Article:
COVID-19 will fundamentally transform the world especially the following:

  • The world order
  • International Balance of power
  • The future of globalisation
  • Traditional conceptions of national security
  1. World Order
  • COVID-19 has exposed that global institutional framework are:
    • Pawn in the hands of the great powers (who created these institutions post WW-II)
    • Undemocratic and unrepresentative in its character
    • Cash-strapped to fight crisis of this scale 
    • Its agenda is focused on high-table security issues and are not designed to serve humanity at large.
  • Post-national regional arrangements like EU also stood clueless when the virus spread like wildfire in Europe. Its member states turned inward for solutions and not regional coordination.


  • Credibility of the world institutions has been further eroded
  • The global institutional architecture of the 1940s cannot help humanity face the challenges of the 2020s. 
  • Need for new social contract between states and the international system
  1. Balance of Power
  • One country that is likely to come out stronger from this crisis is China
  • China’s industrial production is recovering even as other countries are taking a hit. 
  • The decline in oil prices will make China’s recovery even faster.
  • China appears to use its manufacturing power to its geopolitical advantage. 
    • Beijing has offered medical aid and expertise to those in need
    • China has increased cooperation with its arch-rival Japan


  • Beijing’s claims to global leadership will be aided by its manufacturing power
  • It might push Huawei 5G trials as a side bargain
  • China might also showcase the Belt and Road Initiative as the future of global connectivity. 
  • COVID-19 will further push the international system into a world with Chinese characteristics.
  1. Future of Globalisation
  • Neoliberal economic globalisation will take a major beating as experts have predicted recession worse than 2008 crisis
  • The profits of big corporations will reduce, and the demand for stability will increase.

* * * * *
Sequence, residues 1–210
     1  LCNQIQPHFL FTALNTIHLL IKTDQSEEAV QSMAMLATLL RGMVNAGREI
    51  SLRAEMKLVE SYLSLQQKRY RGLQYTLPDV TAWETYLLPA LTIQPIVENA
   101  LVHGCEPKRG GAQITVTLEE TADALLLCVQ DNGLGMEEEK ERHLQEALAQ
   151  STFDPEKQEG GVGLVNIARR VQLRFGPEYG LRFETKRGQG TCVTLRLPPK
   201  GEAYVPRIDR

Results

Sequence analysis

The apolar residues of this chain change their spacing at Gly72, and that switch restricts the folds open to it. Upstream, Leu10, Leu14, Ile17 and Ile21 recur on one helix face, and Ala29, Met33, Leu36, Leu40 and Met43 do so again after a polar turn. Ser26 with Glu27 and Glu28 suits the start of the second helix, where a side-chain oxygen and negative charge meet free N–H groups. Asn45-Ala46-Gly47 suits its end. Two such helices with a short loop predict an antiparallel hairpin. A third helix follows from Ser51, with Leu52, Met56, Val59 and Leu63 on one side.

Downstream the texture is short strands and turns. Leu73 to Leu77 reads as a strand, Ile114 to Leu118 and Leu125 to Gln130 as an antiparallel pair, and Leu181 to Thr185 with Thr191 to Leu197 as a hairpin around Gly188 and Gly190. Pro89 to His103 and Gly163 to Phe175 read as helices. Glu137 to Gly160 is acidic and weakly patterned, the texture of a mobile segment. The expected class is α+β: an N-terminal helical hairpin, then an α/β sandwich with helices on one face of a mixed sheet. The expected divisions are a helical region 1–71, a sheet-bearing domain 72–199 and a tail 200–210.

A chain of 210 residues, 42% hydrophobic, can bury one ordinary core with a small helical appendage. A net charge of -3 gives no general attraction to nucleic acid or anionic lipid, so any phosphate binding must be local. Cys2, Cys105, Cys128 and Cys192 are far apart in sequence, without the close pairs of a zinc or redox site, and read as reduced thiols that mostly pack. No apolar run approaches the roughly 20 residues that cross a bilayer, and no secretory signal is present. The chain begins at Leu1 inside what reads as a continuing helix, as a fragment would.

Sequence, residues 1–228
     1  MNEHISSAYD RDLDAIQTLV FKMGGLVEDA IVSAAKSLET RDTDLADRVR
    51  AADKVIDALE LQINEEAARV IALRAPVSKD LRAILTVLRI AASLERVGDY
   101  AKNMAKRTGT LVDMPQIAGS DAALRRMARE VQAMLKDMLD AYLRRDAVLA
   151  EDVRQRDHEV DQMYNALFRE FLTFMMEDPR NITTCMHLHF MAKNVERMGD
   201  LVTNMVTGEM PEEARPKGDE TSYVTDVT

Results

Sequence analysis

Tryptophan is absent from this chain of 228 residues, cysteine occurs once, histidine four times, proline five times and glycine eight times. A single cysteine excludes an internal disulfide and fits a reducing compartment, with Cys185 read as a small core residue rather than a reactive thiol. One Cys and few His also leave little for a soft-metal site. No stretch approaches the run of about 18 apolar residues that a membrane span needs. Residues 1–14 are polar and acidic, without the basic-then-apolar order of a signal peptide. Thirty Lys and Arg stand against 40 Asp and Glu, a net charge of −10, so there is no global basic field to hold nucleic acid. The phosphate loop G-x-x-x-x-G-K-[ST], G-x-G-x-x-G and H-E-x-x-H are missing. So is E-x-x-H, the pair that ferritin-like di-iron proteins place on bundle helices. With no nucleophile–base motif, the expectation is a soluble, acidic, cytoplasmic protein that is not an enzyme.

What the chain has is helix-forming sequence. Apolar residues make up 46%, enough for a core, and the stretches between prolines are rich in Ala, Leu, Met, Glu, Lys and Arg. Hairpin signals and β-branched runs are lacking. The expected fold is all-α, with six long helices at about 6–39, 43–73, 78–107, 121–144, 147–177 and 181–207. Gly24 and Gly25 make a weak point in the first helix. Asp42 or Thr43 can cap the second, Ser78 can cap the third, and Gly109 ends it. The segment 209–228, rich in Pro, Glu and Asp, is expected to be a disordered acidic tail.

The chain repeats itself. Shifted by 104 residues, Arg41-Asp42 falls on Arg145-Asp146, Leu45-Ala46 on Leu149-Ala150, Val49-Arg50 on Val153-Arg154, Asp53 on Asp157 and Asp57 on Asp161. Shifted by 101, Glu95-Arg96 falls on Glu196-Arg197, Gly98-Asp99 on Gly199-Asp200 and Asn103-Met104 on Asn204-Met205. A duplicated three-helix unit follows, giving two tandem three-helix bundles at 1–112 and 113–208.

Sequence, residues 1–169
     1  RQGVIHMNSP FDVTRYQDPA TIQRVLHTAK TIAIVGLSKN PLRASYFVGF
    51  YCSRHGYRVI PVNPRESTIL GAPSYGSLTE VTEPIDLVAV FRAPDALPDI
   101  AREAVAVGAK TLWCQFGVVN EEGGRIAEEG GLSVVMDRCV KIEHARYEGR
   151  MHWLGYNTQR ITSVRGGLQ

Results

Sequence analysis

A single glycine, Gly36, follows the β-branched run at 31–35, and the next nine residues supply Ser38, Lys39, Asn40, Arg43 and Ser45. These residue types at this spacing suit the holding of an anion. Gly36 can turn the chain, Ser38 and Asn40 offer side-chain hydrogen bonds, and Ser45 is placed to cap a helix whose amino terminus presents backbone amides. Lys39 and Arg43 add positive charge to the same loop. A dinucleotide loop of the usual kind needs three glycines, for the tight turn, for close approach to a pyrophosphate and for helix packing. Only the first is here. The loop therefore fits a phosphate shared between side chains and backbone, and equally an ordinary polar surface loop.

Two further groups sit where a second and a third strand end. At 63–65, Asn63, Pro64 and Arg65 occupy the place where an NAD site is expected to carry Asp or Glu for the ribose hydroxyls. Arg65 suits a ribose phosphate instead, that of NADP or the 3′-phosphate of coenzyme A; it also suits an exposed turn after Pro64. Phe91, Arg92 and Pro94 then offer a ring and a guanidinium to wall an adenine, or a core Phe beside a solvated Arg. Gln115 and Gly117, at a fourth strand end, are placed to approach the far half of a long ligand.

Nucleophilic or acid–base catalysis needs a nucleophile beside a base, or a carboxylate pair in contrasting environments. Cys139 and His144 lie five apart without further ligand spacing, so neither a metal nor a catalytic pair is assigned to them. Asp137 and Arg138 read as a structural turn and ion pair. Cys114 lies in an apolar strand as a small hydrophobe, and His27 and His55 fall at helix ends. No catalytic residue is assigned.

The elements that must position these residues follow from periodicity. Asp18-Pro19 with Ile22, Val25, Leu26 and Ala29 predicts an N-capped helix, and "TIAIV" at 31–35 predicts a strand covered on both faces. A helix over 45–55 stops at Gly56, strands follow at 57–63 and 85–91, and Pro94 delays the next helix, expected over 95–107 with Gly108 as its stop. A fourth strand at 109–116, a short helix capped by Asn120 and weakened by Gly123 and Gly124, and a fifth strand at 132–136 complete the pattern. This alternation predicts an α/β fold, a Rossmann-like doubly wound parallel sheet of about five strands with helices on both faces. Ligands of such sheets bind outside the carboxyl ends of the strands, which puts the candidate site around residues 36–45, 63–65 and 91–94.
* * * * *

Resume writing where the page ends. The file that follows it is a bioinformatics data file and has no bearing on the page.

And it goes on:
• COVID-19 shock will further catalyse states’ protectionist tendencies fuelled by hyper nationalism. 
  • There will be an increased state intervention to avoid unpredictable supply sources, avoid geopolitically sensitive zones, and national demands for emergency reserves.


  • Retreat of LPG: Licence-quoto-permit Raj can return
  • State to become omnipresent and omnipotent: Governments will gather more power and surveillance technologies to prevent future such shocks
  • State-led models of globalisation and economic development would be preferred over (big) corporates-led globalisation
  • New-age racism: Questions are likely to be asked about the source of goods and stringent imposition of phytosanitary measures by advanced states on products coming from developing countries
  • Impact on Indian Society: Moral claims based on birth & class and the associated notions about hygiene (purity) could become sharper


Globally, societies could become more self-seeking and inward-looking

Source: The Hindu

Connecting the dots:

  • Perils of Licence raj and Crony Capitalism
  • Impact of COVID-19 on India’s caste system


Model questions: (You can now post your answers in comment section)


  • Correct answers of today’s questions will be provided in next day’s DNA section. Kindly refer to it and update your answers. 
  • Comments Up-voted by IASbaba are also the “correct answers”.

Q.1 Consider the following statements:

  1. Minimum Support Price for Minor Forest Produce Scheme is applicable to all states.
  2. The basic objective of the TRIFED is to provide good price for all forest produce collected by the tribes of the country.

Which of the above is/are correct?

  1. 1 only
  2. 2 only
  3. Both 1 and 2
  4. Neither 1 nor 2

Q.2 Consider the following statements regarding S-400 air defence missile systems:

  1. It can simultaneously track numerous incoming objects and launch appropriate missiles to neutralise them.
  2. It is long-range surface-to-air missile defence system.

Which of the above is/are correct?

  1. 1 only
  2. 2 only
  3. Both 1 and 2
  4. Neither 1 nor 2

Q.3 Anak Krakatoa island is located in which of the following country?

  1. Inodnesia
  2. Vietnam
  3. Japan
  4. South Korea

Q.4 Consider the following statements regarding Pradhan Mantri Bhartiya Janaushadhi Pariyojana:

  1. Its objective is to bring down the healthcare budget of every citizen of India.
  2. Jan Aushadhi Sugam mobile app helps in locating nearest Janaushadhi Kendra.

Which of the above is/are correct?

  1. 1 only
  2. 2 only
  3. Both 1 and 2
  4. Neither 1 nor 2


1 B
2 A
3 D
4 A
5 C

Must Read

About options to ease COVID lockdown:

The Hindu

About impact of COVID-19 on trade:

The Hindu

About using COVID-19 crisis to transform agri-marketing system:

Indian Express